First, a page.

The secret to food security in East Asia
The world has come together to adopt the new UN Sustainable Development Goals – and for the first time in history, we can say we may be the generation to finally end world hunger.
When it comes to the future of food security, South-East Asia will play an important role. The region has made meaningful gains in reducing chronic hunger and malnutrition over the past few decades, and continues to be a food basket, and one of the most productive agricultural economies in the world.
Home to more than 600 million people, the region of ASEAN (which stands for Association for Southeast Asian Nations) is expected to see food demand increase by as much as 40% by 2050. Regional integration is projected to increase South-East Asia’s exports by 15% and create up to 4.5 million new agriculture jobs by 2025.
Yet challenges threaten these gains, including rising demand, diversifying diets, scarcity of land and water, and the impact of climate volatility on all major food producing areas.
How can ASEAN transform its agriculture?
Is the answer to this question increased investment, knowledge-transfer and innovation, financial inclusion and market access for farmers, improved policies, and better infrastructure? The answer is yes, all of the above.
But at the heart of the solution is partnership – a new type of partnership, in which leaders from governments, companies, farmer organizations, academia and civil society can sit together and share their concerns, define goals and plans, and look to one another as equal partners in improving the system together.
Having recently committed to a formal economic community, ASEAN provides prime conditions for cooperation and partnership on food security. The World Economic Forum, in collaboration with the ASEAN Secretariat, launched the Grow Asia partnership in 2015, to enable such collaboration and action.
Grow Asia is a partnership between various parties and sectors, committed to reaching 10 million smallholder farmers by 2020, helping them access knowledge, technology, finance and markets; and working to increase their productivity, profitability and environmental sustainability – the target is to do so by 20%.
From corn to coffee
In Indonesia, companies, government and NGOs are working together with corn farmers to improve their productivity and profitability by bundling services such as microfinance, crop insurance, digital payments, financial literacy and markets. Each actor contributes their expertise –and yields benefits from the improved value chain as a result. The farmer sees crops yielding greater profit (without using more land or water) and is able to provide food for the family; meanwhile the companies have a higher-quality product and more inclusive supply chains. Government and NGOs, too, are positively affected.
In Vietnam, coffee farmers have seen productivity rise by over 30% and net incomes by 14%. They have almost halved their carbon footprint, reducing water usage by 40%. This is all a result of innovative collaboration among 30 partners from government and civil society, as well as a range of corporations representing fertilizer, crop protection, roasters and exporters.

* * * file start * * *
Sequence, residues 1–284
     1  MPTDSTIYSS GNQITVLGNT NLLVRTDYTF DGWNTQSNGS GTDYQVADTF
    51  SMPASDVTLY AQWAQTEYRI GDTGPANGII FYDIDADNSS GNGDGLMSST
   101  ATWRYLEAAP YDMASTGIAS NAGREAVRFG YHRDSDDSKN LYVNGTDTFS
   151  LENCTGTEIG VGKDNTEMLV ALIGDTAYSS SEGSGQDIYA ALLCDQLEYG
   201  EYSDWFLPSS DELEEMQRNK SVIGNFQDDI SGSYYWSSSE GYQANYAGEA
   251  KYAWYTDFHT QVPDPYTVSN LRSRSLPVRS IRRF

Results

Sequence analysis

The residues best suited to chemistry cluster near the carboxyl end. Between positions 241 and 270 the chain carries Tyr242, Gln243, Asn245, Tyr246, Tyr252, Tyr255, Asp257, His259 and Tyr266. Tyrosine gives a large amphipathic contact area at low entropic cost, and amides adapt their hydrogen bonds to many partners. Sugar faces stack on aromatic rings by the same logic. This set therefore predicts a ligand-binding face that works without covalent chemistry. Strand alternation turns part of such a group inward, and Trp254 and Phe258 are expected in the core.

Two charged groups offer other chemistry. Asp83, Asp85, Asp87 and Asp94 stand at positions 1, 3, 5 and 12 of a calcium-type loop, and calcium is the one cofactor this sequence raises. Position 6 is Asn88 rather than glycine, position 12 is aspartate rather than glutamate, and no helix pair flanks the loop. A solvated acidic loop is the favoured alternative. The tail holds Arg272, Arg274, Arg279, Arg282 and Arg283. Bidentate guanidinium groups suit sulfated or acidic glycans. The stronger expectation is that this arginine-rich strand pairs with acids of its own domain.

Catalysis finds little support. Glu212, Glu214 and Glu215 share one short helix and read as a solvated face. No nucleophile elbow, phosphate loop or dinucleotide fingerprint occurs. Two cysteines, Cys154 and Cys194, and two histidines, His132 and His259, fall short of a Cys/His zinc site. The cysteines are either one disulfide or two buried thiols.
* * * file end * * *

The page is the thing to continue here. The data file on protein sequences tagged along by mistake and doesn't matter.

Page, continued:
The unique coalition has had a lasting effect on Vietnam’s coffee value chain and the model has now been instituted as the basis for a new national sustainability curriculum, which will be made available throughout the country’s agricultural extension service.
A new model for collaboration
Grow Asia offers an example of a new model for collaboration in agriculture already being implemented by five countries in ASEAN. It was inspired by a similar partnership, called Grow Africa, which was co-founded by the Forum, African Union Commission and NEPAD Agency in 2011, and which now supports 10 million African smallholder farmers in 12 countries through $2.3 billion worth of investment.
In the state of Maharashtra, India, this partnership model has defined a target of reaching 2.5 million farmers by 2020. The Government of Maharashtra works together with smallholder farmers, companies and civil society to provide training and tools, financial services and procurement channels for crop value chains that will improve food security, environmental sustainability and economic opportunity. They have inspired 3 more States to adopt the approach.
The World Economic Forum’s New Vision for Agriculture initiative is supporting leaders in 19 countries across Asia, Africa and Latin America to develop these innovative country-owned partnerships. A new guide to country-led action has been developed to share the experiences of these pioneering countries with leaders around the world, so they can adapt them to local needs in line with the Sustainable Development Goals.
Below are the guiding principles and step-by-step framework for action to build and strengthen effective partnership approaches in agriculture.
Leaders of state and business will gather for the World Economic Forum on ASEAN in Kuala Lumpur this week. There they will be showcasing impact from Grow Asia partner countries, featuring innovative solutions for sustainable growth in the agricultural sector, and working together to plot a way forward.
As ASEAN starts a new chapter of regional cooperation, it’s these new models of partnership that offer the best promise for shaping a food-secure future and eliminating hunger altogether.
Please see more information on the Grow Asia partnership and the World Economic Forum’s Food Security and Agriculture initiatives.
The World Economic Forum on ASEAN is taking place in Kuala Lumpur, Malaysia, from 1-3 June.
This article also appeared on The Jakarta Globe .
Have you read? What is ASEAN? An explainer Q&A: How are partnerships changing Asia's food systems? More from our ASEAN blog series
SOURCE: World Economic Forum